0

Patent US2016294759 protects

  1. A computer-implemented method comprising: synchronizing with an email service and receiving an email message via a data network; parsing content of the received email message to identify and suppress email content not related to conversational content and retaining the conversational content; reformatting the received email message to include the conversational content in a chat style format as an expressive conversation; making the expressive conversation available to a client email application; and presenting the expressive conversation to a user via the client email application.

a.k.a. designing an email app to work like a messenger (it was originally filed by the developer company of this app but was apparently transferred to someone else now).

I had the same idea, found their app and then their patent but would still like to build my own app, the way I image it to be. Would I violate this patent when leaving out the

parsing content of the received email message to identify and suppress email content not related to conversational content and retaining the conversational content

part in my app – i.e. does the patent protect the general concept of an email messenger, or only all the aspects described therein in combination?

If so, there seems to be a U.S. patent only (I found no patent family members, cf. here). I found this thread addressing the issue but its answer remained pretty vague. Could Apple throw my app out if their app store because they're a U.S.-based company, even if I specifically choose not to distribute my app to U.S. users?

Also, I found multiple other apps doing the same thing; is there any way of finding out whether they have licensing deals, e.g. by looking at their annual reports or something?:

Thanks in advance!

1
  • Unfortunately, the embedded question "Could Apple throw my app out if their app store because they're a U.S.-based company, even if I specifically choose not to distribute my app to U.S. users?" is off topic here.
    – Eric S
    Commented Feb 1 at 0:01

1 Answer 1

1

You are asking a legal question and as I am not a lawyer, I'm not prepared to provide legal advice. I doubt even a lawyer would. If you want a legal opinion, I'm afraid you should be prepared to pay for one. That said, I'll try to provide helpful guidance.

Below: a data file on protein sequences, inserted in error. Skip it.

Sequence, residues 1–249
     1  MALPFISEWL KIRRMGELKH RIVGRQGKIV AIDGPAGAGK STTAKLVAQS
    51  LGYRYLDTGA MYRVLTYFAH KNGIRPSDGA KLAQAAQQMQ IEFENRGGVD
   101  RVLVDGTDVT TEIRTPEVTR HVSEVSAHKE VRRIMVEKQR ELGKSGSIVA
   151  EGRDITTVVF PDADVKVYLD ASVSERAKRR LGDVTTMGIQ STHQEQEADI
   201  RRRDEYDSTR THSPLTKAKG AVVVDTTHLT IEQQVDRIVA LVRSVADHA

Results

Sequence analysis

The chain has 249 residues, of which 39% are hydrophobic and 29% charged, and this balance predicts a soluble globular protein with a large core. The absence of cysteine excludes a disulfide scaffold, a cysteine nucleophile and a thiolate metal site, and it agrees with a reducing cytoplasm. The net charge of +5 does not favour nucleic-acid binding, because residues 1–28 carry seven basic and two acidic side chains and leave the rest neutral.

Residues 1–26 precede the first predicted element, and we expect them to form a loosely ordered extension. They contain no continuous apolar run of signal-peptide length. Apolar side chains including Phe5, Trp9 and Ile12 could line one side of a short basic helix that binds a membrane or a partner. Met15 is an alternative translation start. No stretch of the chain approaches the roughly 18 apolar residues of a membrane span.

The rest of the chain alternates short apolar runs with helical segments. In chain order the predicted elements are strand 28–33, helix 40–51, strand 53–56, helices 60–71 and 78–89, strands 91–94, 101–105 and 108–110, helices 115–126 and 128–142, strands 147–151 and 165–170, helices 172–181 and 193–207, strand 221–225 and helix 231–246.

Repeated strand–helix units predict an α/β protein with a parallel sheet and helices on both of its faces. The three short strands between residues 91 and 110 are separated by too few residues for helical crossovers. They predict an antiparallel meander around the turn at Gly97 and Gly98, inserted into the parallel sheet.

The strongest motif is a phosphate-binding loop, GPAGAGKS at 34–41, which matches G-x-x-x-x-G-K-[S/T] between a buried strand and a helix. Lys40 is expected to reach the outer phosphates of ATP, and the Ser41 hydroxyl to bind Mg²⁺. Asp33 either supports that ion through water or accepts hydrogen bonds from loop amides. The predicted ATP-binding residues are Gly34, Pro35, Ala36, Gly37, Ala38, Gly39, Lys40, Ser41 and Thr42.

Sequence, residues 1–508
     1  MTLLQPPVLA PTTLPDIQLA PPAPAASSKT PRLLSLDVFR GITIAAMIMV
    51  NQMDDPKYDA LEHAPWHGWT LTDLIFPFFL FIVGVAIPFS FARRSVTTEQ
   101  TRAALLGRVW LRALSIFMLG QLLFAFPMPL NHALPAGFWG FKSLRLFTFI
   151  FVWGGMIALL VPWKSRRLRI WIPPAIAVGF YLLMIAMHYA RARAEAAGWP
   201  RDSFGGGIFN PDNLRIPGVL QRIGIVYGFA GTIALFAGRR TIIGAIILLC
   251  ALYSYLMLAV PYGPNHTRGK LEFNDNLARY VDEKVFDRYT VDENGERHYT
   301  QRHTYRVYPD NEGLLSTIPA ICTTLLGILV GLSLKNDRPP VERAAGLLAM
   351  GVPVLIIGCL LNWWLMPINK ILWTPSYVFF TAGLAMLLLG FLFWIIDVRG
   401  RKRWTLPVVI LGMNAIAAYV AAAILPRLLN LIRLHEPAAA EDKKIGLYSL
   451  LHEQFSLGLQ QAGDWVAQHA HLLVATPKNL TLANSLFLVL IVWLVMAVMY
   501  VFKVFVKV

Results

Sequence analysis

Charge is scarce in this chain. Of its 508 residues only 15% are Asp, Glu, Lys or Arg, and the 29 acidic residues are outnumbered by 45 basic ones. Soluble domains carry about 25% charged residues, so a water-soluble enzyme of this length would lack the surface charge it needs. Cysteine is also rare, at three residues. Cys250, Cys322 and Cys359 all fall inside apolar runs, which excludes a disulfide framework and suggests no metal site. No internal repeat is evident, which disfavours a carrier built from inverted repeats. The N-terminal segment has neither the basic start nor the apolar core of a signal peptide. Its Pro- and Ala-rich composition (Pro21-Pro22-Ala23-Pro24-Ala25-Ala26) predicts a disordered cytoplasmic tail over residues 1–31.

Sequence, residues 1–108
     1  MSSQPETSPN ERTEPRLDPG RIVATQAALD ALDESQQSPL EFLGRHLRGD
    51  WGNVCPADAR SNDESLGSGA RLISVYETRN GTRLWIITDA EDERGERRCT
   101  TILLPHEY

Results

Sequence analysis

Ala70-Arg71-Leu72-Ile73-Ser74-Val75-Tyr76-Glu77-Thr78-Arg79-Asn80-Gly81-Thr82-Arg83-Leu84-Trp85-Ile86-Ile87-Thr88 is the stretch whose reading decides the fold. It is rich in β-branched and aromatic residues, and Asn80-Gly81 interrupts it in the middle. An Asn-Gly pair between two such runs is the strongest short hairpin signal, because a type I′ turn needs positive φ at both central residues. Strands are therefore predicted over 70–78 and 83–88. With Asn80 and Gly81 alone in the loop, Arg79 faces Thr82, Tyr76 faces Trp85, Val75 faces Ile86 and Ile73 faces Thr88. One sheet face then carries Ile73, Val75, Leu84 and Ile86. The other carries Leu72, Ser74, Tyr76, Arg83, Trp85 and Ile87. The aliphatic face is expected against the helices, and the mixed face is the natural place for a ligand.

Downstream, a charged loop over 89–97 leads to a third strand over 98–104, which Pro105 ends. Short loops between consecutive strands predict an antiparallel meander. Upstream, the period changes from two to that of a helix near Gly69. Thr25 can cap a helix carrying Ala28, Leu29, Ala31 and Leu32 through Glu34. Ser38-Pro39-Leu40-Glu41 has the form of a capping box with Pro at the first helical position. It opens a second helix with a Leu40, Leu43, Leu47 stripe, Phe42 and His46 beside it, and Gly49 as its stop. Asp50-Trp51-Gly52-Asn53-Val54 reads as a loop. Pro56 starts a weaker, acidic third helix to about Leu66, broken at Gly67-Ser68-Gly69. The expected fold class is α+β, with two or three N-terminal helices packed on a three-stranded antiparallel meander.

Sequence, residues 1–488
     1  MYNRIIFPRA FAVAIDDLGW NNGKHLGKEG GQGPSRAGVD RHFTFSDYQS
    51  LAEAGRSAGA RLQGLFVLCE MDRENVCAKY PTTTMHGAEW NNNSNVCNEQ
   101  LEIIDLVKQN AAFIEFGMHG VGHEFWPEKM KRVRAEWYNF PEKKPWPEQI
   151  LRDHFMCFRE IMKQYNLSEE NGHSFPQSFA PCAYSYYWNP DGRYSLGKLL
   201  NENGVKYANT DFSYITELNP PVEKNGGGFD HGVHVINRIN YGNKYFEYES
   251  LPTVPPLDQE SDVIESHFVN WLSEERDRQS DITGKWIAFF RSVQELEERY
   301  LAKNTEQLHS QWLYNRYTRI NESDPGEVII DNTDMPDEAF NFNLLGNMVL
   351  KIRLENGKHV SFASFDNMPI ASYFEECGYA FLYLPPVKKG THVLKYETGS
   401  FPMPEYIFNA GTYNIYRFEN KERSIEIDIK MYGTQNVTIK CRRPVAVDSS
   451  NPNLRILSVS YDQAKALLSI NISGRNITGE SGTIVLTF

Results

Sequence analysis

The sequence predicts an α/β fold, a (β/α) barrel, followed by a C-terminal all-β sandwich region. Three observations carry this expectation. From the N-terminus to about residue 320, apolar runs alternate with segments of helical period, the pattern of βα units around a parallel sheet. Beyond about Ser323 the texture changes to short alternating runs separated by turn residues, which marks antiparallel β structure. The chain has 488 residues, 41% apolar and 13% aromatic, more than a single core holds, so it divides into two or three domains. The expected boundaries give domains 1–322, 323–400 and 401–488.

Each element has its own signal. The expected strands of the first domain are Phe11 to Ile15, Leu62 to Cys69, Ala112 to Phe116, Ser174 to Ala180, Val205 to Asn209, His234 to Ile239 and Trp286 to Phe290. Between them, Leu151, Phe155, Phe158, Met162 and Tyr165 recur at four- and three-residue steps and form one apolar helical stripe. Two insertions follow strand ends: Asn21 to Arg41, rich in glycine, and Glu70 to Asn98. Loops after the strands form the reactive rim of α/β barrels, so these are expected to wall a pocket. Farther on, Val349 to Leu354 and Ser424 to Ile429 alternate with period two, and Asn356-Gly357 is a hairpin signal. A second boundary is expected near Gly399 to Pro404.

The document you linked is an application, not a granted patent. The application was granted as US10097485B. It is important to look at the actual issued patent as the claims are often different from the application. One thing to keep in mind, to infringe on a patent, you must implement each and every step of at least one claim. Thus, if a claim implements steps A, B, C and D and you only implement A, B and C, you don't infringe. This is the first claim:

  1. A computer-implemented method to improve network communications between users via email, the method comprising:

    synchronizing with an email service and receiving an email message via a data network;

    parsing content of the received email message to identify and suppress email content not related to conversational content and retaining the conversational content, the identifying email content including recognizing email closing words in the email message, the email closing words corresponding to email metadata and signature lines not related to the conversational content, the suppressing email content including hiding the email metadata and signature lines corresponding to the email closing words;

    reformatting the received email message to include the conversational content in a chat style format as an expressive conversation, the formatting the expressive conversation including formatting each response of the users in a bubble of a bubble chat style format, the bubble for each response configured for presentation on a right side, left side, or alternative side of a user interface, depending on an identity of a user who entered each response;

    making the expressive conversation available to a client email application;

    and presenting the expressive conversation to a user via the client email application.

This is a pretty long claim. Counterintuitively, long claims are generally narrow and short claims are generally broad. If your implementation leaves out any step from this claim, then you avoid infringement of the claim. You need to review the other claims too to determine if you are free from infringement of the patent. Specifically claims 11 and 16 which are the other two independent claims. They are similarly long.

2
  • Thanks a lot for your response! The ABCD-ABC thing was exactly what I was getting at. Commented Feb 1 at 16:18
  • 1
    @HorstMueller Be advised that avoiding infringement of one patent does not guarantee freedom to operate. There is the possibility of other relevant patents.
    – Eric S
    Commented Feb 1 at 16:37

You must log in to answer this question.

Not the answer you're looking for? Browse other questions tagged .